A new tool developed by National Institute of Disaster Management, Ministry of Home Affairs, Government of India, to measure Disaster Cost
In order to gather a more accurate and scientifically developed assessment of relief and reconstruction packages for disaster-hit regions, the government of India has come up with a new scientific tool based on a UN model which will use satellite imagery and on-ground assessments to measure direct and indirect damages, besides opportunity cost lost due to disasters. The average annual economic losses due to disasters in India are estimated to be $10 billion. This cost is almost equal the sum that the country spends on education and double the amount it spends on healthcare, annually. This tool, known as the Post Disaster Need Assessment (PDNA), developed by the National Institute of Disaster Management, Ministry of Home Affairs, is ready for trial and a pilot test will be conducted in a calamity-hit region. It is likely that the government would engage the Ministry of Statistics and Programme Implementation as part of the National Sample Survey and project predictable economic losses in disaster prone areas. Future allocation of funds made by the Centre to the states, for relief and reconstruction, will be based on PDNA assessment. Source: 19th September, 2016, Times of India, Kolkata
The emerging complexity of climate adaptation governance in a globalising world
23–24 May 2017, Stockholm, Sweden
Join the Stockholm Environment Institute and partners at an international scientific workshop that will examine the emerging complexity of climate adaptation governance with all its commensurate new forms and consequences.
The aim of the scientific workshop is to explore governance of climate adaptation beyond the national level, i.e., international and transnational. Workshop participants will analyse, among other things, new forms of adaptation governance, its consequences for adaptation action on the ground, and the adequacy of existing institutions.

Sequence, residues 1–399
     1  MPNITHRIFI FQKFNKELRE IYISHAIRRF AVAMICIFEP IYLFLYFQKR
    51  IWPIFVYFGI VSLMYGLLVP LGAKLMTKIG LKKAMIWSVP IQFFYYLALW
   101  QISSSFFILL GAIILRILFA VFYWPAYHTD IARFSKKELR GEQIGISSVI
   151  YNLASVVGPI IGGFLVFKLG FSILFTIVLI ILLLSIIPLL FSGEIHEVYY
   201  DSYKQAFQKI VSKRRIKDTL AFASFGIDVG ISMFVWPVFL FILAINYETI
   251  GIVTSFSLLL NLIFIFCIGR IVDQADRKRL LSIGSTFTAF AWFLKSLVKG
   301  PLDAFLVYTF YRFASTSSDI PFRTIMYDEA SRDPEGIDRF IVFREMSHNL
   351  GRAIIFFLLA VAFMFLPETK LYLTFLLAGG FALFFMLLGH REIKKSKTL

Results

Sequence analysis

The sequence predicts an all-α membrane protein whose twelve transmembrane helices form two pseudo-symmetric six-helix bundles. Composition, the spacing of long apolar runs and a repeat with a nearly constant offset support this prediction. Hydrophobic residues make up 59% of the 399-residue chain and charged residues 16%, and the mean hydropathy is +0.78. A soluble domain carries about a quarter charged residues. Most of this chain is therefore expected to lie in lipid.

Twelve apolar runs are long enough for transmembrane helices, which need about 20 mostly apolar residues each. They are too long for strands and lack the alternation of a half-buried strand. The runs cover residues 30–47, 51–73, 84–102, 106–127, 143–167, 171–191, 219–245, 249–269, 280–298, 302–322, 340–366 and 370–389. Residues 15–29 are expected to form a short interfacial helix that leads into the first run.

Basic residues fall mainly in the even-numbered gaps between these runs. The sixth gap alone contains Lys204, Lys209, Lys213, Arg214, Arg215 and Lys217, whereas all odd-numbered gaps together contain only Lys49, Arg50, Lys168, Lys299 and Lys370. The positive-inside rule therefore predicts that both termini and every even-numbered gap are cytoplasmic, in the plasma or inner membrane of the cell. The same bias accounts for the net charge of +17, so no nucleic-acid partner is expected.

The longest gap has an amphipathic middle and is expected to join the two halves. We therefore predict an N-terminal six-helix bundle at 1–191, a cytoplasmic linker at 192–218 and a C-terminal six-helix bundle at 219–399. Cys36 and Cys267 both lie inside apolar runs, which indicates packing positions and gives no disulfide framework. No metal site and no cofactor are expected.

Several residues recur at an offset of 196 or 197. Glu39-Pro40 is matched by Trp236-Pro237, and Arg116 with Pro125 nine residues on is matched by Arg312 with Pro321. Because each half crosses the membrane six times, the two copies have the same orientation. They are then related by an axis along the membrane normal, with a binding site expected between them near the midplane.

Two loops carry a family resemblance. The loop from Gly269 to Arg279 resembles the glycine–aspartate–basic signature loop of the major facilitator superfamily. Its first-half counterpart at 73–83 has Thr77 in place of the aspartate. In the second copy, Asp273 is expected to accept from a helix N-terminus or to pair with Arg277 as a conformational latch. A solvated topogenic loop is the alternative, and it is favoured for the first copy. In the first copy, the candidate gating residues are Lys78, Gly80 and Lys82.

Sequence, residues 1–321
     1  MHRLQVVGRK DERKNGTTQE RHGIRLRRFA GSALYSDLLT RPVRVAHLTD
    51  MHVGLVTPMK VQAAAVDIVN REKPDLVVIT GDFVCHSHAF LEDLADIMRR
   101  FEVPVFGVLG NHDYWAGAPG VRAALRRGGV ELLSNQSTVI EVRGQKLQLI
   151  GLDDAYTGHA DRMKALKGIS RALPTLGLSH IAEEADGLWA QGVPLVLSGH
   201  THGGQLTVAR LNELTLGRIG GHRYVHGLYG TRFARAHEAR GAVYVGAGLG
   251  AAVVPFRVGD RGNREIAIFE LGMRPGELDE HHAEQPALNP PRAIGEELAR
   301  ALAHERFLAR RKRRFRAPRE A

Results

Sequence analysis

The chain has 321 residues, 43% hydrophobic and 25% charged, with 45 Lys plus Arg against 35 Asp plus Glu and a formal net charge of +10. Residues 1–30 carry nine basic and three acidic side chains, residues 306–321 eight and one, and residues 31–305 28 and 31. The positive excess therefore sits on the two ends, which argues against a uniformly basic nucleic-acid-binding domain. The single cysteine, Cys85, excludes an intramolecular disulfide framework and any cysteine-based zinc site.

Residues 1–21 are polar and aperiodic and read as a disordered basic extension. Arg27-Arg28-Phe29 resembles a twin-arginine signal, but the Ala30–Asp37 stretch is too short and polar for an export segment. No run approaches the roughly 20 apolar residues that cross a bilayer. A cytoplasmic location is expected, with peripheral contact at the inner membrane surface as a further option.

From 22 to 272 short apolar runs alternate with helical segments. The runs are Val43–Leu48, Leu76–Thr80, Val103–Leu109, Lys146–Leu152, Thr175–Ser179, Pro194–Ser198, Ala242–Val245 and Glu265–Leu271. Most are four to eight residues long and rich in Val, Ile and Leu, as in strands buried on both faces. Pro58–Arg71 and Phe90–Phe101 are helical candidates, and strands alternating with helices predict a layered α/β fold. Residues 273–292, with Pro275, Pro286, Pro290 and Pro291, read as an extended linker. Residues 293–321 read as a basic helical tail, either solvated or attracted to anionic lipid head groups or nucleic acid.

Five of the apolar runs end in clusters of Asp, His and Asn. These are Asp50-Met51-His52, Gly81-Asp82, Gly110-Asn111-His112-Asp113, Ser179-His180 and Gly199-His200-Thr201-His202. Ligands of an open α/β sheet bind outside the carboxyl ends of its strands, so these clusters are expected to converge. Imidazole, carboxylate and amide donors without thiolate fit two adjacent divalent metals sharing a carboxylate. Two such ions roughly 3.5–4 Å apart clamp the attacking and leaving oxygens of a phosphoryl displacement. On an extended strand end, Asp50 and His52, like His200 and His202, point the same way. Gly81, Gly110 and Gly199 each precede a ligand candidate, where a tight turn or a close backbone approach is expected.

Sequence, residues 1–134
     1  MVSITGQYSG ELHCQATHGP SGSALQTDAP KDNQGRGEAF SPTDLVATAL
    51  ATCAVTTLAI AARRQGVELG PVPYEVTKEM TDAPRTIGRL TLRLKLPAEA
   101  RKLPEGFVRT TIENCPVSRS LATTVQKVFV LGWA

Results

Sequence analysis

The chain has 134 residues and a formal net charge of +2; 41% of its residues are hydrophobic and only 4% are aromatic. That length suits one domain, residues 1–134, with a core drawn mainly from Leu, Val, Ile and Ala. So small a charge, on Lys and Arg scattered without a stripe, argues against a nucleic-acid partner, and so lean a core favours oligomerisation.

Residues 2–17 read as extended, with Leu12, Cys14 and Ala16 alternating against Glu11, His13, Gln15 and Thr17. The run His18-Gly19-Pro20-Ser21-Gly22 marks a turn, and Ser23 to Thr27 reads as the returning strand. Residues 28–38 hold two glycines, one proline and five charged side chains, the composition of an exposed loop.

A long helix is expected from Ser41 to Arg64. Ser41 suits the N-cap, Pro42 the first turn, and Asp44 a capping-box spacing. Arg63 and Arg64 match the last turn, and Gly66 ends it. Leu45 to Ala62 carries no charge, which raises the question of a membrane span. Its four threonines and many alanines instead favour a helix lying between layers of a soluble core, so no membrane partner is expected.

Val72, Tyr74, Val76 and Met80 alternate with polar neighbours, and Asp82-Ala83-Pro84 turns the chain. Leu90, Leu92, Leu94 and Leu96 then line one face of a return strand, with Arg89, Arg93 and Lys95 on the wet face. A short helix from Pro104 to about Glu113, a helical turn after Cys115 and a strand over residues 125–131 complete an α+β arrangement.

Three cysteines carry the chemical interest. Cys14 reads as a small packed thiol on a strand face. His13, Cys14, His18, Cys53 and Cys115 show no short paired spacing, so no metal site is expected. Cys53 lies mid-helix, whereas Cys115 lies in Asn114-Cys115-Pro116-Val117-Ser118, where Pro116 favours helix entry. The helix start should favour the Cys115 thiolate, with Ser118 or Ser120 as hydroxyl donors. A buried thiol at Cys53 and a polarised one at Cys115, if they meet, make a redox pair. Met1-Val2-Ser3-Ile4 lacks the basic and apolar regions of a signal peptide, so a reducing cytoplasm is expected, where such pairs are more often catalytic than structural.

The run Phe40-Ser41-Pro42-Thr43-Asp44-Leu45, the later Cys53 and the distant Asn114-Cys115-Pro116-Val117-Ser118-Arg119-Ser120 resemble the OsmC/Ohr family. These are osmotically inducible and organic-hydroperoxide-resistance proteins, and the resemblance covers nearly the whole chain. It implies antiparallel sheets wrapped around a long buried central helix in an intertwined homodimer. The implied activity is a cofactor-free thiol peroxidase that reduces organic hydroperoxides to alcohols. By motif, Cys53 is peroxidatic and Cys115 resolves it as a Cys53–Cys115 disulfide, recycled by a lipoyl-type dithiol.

The workshop will be an intimate two-day event held in Stockholm on 23-24 May 2017, with themed sessions discussing research papers and policy-maker perspectives.
Abstracts must be submitted by 28 October 2016
For more details, download the call for abstracts and papers
Professor Sam Fankhauser (PRISE Co-Principal Investigator) and Dr Declan Conway, from the Grantham Research Institute on Climate Change and the Environment launched their new edited volume ‘The Economics of Climate-Resilient Development’.
Some climate change is now inevitable and strategies to adapt to these changes are quickly developing. The question is particularly paramount for low-income countries, which are likely to be most affected. This timely and unique book takes an integrated look at the twin challenges of climate change and development.
The book treats adaptation to climate change as an issue of climate-resilient development, rather than as a bespoke set of activities (flood defences, drought plans, and so on), combining climate and development challenges into a single strategy. It asks how the standard approaches to development need to change, and what socio-economic trends and urbanisation mean for the vulnerability of developing countries to climate risks. Combining conceptual thinking with practical policy prescriptions and experience the contributors argue that, to address these questions, climate risk has to be embedded fully into wider development strategies.
The book is available to purchase through the publisher here and a discount is available here.